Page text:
Standen had dug up an ancient bronze cannon with her bare hands. The Nazis had stolen it in Paris, and had buried it in Stuttgart.

The exhibit's photos, maps, memorabilia, and other items document the massive looting -- ranging from Michelangelo's "Madonna and Child" (the Bruges Madonna), to a casket containing the remains of Frederick the Great, to gold bars worth billions of dollars:

  • A "partial inventory" of works stolen for the personal collection of Hermann Goering, Hitler's second in command, runs 71 pages (in tiny handwriting). It includes paintings by Rembrandt, Rubens, Dürer, Monet, Van Gogh, Renoir, among other masters. These more than 1,000 items -- valued at $200 million in 1945 -- were recovered by the Monuments unit.
  • Many of the photos show masterpieces Hitler had selected for his planned museum glorifying him and the Nazi empire in his hometown of Linz, Austria. This "mother lode" was hidden in the Altaussee, Austria salt mines. (The National Archives is displaying one of these "Hitler Albums" that lists the "best of looted art" through Feb. 19.)
  • Other items feature key Monuments Men including George "Ole Pops" Stout, an art conservator and instructor at Harvard's Fogg Museum. Click here to hear him describe conditions in the salt mines.
  • Stout and fellow Monuments Man, sculptor Walker Hancock, even went behind enemy lines, under artillery fire, to reach a mine with hidden treasures from an Aachen, Germany church. These included the Virgin Mary's robe, a bust of Charlemagne, and paintings by Rembrandt and Rubens. Photos show bomb damage of this church and others.
  • Through various letters, these men really come alive. Stout writes modestly to his wife about his daring efforts, "...I have felt better perhaps because of the satisfaction of getting something done..."

George Clooney plays the Stout character, renamed Frank Stokes -- not "Ole Pops" although he's older than most members of the unit. Clooney also directed and co-wrote the film, based on Robert M. Edsel's book,"The Monuments Men: Allied Heroes, Nazi Thieves and the Greatest Treasure Hunt in History".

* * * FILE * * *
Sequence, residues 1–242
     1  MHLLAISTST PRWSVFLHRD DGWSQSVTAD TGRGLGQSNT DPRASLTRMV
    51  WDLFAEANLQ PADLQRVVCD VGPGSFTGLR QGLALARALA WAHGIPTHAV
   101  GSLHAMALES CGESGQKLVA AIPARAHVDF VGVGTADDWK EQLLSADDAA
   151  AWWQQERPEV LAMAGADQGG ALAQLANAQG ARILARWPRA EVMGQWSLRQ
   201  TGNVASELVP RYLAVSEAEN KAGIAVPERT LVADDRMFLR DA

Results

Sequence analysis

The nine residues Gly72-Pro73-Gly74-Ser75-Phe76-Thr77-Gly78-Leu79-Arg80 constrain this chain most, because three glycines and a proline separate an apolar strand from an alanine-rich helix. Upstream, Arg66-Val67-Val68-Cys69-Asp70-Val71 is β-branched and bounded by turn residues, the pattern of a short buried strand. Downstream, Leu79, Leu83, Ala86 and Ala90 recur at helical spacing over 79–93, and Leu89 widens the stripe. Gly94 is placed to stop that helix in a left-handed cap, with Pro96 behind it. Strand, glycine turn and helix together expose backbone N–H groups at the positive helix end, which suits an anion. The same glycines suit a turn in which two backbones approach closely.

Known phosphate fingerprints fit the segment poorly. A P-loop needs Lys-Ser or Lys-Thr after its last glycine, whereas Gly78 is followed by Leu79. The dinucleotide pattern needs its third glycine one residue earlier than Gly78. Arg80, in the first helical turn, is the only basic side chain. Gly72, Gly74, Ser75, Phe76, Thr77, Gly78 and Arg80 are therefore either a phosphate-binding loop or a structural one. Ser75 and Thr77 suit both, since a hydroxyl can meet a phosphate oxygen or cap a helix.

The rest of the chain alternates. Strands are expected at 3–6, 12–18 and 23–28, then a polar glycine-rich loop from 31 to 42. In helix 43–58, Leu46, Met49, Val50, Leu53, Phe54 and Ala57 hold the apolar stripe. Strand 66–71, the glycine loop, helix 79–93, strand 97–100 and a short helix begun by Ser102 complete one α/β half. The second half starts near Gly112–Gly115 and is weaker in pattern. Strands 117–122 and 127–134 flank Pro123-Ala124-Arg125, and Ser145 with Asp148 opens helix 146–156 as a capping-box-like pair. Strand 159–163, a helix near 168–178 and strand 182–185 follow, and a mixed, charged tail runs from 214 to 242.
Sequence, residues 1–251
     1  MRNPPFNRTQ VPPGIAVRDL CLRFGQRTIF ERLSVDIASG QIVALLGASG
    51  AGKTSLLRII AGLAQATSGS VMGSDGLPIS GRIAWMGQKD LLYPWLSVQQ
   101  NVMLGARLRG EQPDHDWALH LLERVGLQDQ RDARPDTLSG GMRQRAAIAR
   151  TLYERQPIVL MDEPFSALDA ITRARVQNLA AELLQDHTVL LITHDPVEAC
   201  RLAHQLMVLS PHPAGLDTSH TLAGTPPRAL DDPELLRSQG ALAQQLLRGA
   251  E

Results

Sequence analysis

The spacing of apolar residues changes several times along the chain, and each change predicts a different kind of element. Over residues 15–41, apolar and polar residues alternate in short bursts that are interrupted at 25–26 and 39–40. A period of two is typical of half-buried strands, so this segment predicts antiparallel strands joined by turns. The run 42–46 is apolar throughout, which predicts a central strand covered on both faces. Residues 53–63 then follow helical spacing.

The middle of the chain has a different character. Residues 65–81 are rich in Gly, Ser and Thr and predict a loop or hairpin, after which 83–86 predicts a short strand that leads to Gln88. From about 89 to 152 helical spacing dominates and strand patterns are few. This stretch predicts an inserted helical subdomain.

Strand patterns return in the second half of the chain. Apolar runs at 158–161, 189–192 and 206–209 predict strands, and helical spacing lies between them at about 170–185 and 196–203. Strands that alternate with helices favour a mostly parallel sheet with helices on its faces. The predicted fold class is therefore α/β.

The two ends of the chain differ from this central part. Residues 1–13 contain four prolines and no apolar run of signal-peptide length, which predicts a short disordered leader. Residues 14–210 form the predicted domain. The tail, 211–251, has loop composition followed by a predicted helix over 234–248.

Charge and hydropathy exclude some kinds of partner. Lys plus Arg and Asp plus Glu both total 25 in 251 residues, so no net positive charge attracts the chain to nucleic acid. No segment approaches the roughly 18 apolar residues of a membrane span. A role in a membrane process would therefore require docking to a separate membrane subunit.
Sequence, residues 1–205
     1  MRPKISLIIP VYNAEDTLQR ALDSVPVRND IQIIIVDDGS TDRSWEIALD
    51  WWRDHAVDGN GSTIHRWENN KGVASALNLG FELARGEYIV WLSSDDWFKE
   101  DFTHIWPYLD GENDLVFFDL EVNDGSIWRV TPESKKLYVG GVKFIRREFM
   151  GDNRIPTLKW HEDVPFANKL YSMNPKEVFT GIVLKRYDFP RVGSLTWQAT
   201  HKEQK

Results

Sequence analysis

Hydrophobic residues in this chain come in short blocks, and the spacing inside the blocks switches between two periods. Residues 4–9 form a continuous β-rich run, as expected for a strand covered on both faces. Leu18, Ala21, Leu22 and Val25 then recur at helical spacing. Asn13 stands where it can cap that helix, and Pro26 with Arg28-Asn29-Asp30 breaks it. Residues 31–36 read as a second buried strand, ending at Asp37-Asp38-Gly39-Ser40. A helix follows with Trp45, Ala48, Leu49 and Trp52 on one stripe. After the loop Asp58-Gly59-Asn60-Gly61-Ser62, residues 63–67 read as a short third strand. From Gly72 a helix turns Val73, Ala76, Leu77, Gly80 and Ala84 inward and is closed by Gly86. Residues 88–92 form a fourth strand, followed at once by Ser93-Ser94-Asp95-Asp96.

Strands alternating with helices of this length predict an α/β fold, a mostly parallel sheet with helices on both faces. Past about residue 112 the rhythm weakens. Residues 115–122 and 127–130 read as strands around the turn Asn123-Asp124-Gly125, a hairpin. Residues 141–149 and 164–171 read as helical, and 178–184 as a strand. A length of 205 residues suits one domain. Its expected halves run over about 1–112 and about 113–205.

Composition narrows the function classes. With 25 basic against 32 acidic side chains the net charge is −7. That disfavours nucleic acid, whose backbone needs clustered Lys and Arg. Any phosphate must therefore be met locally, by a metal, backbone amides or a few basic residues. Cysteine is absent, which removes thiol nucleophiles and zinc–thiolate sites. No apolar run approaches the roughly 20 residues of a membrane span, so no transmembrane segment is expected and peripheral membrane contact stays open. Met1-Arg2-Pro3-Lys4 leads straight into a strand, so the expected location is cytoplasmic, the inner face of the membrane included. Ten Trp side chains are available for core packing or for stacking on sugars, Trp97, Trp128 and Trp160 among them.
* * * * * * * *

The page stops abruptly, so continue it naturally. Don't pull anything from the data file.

The hunt goes on. The latest such discovery occurred in February and last November. Some 1,400 looted masterpieces by Renoir, Picasso, Gauguin, Chagall, and many German expressionists, valued at one billion Euros (about $1.37 billion), were found amid trash in a Munich apartment last November. It was the home of Cornelius Gurlitt, son of art dealer Hildebrand Gurlitt, who dealt in stolen art with Hitler's propaganda chief, Joseph Goebbels.

In February, an additional 60 Nazi-looted artworks were found stashed in Cornelius Gurlitt's Salzburg, Austria home, according to Austrian news reports.

Haw noted that Nazis had seized most artworks from Jews. "Jewish families suffered greatly in many, many ways, including having their precious artworks stolen before being killed," she told me.

"I hope the film will bring renewed attention and we'll see more great research into the theft, recovery, and restitution of the artworks," Haw continued.

The SAAA is the primary source for researching provenance, or ownership, of artworks during and after World War Two, and is used by museums around the world.

She also hopes that the film "sparks people's interest in learning the true story."

An even greater hope is for the film to "give people an understanding of how important art is for culture and for identity," the SAAA director concluded.

Other free exhibits related to these heroic men and women are being held at additional Washington institutions that also played major roles in this effort:

For more info: "MONUMENTS MEN: On the Frontline to Save Europe's Art, 1942-1946", Smithsonian's Archives of American Art,, Lawrence A. Fleischman Gallery, Donald W. Reynolds Center for American Art and Portraiture, 8th and F Streets, N.W., Washington, D.C., 202-633-7940. Free. Feb. 7-Apr. 20. Gallery talks about the exhibition March 13 and 28 at 1 P.M. Monuments Men Foundation for the Preservation of Art,, 866-WWII-ART.